"TDJ: Hmm, the final result is what counts? Hey, when you wanna see only great and styled final effects go to resource mania machines like PC... Sure, it is equal from where the program comes if it is PC or real 64. But what is and that is the difference: people from 64 try to raise the best out from this little machine with this low resources mostly without the help of other machines! Why not then accept that people use converters and scan pictures and repaint'em a bit? They also look great and as you said the result counts, or not?"

Iopop
"Offtopic as always, but does anyone care that many games from the biggest software houses were coded on a PC? Like the stuff from the Rowlands brothers and Last Ninja 3... It's worth to mention, since I never ever heard anyone call them lame... :)"

Honesty
"Iopop: No one calls people lame using... Or is every coder doing cross development lame aswell? (ed. Well, this is definately wrong. The entire discussion started with Murdock expressing that it's lame because it was not completely developed on CBM64.) I don t think so. But there are unfair conditions using another system for rendering or converting. Nah, in end effect the same I wrote in the first post."

Sledge
"...Argh! What are you saying, Iopop? Buhuu... And here we are working like hell on the C64 to get things look cool, when our idols don't seems to care... :( No, really... It's no news that big companies used the PC for developement. And the convert-artists have always been here. Some are better than others. Ooh... Games like Street Figther II comes to my mind... Horrible. If you convert I think you can demand good results, otherwise it's no use to convert if it looks like hell..."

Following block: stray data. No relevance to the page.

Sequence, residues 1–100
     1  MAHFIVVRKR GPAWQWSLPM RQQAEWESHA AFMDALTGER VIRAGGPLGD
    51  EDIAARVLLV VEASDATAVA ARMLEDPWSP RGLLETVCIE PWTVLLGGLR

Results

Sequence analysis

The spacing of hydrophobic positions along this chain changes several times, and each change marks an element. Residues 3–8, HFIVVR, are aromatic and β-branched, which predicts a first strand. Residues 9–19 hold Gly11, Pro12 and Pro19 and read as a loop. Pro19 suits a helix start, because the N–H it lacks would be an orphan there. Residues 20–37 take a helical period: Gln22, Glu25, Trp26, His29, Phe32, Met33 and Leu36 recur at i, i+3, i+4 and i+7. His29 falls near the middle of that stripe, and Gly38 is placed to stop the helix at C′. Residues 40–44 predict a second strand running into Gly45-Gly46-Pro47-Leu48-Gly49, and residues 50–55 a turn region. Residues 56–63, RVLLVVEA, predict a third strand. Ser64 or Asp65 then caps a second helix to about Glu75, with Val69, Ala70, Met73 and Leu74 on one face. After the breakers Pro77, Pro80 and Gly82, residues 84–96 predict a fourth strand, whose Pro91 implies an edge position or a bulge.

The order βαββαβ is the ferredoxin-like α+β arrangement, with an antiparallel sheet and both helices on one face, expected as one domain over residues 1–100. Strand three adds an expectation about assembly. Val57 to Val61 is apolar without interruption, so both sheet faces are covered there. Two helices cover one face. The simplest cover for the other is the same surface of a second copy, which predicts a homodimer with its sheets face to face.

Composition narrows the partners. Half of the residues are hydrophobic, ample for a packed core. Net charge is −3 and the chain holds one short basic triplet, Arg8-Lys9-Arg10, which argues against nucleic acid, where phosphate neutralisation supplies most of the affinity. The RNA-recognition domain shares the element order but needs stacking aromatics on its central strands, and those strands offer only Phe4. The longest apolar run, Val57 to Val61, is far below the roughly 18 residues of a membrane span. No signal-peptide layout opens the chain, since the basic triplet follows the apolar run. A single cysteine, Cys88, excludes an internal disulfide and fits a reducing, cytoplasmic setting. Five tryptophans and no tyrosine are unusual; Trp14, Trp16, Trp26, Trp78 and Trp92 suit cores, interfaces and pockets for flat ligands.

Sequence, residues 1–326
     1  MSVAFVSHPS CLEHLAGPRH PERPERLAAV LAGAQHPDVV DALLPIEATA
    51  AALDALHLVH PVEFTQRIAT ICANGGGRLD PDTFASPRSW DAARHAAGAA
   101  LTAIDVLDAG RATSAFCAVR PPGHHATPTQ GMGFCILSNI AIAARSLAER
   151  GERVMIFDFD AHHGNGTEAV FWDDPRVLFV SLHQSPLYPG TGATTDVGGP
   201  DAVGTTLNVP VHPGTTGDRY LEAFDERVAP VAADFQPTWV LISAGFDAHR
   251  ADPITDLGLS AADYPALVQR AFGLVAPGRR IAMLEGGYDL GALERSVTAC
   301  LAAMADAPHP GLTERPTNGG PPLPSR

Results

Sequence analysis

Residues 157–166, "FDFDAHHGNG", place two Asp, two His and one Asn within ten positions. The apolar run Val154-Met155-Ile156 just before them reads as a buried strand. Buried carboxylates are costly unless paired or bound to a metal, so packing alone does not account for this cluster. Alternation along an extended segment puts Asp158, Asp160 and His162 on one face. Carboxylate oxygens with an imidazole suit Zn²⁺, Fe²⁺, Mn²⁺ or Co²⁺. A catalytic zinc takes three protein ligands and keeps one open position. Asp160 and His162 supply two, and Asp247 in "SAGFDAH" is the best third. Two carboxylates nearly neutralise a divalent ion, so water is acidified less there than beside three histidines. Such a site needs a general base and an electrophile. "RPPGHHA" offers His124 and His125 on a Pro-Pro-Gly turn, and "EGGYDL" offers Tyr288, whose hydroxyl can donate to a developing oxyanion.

Honesty
"Mean it is not bad using cross development. I mean using a C64 with REU is even not the normal mode. ;) And to be honest every coder knows that the normal memory filled with 'tasm' and then with source code gives u less chances to create bigger projects aswell. So people start looking for posibilities to get more free memory to release their dreams in bit."

Well, as soon as you start upgrading your system, may it be with a simple cartridge, a REU (RAM expansion unit), a SuperCPU or you have a much more advanced version of a specific software you have an advantage in comparison with your competitions. This is given for sure. But that argument was much better back in the days when upgrading your hardware was definitely a cost factor and getting this special kind of software was almost impossible. Today good hardware has become rather cheap compared with the 80s and everybody can download all specific tools for cross-development in the WWW, may it be from homepages or FTP-sites. A good starting point is Bacchus' homepage [3] which offer links and downloads for almost all known computer systems. But this is already well known since many years.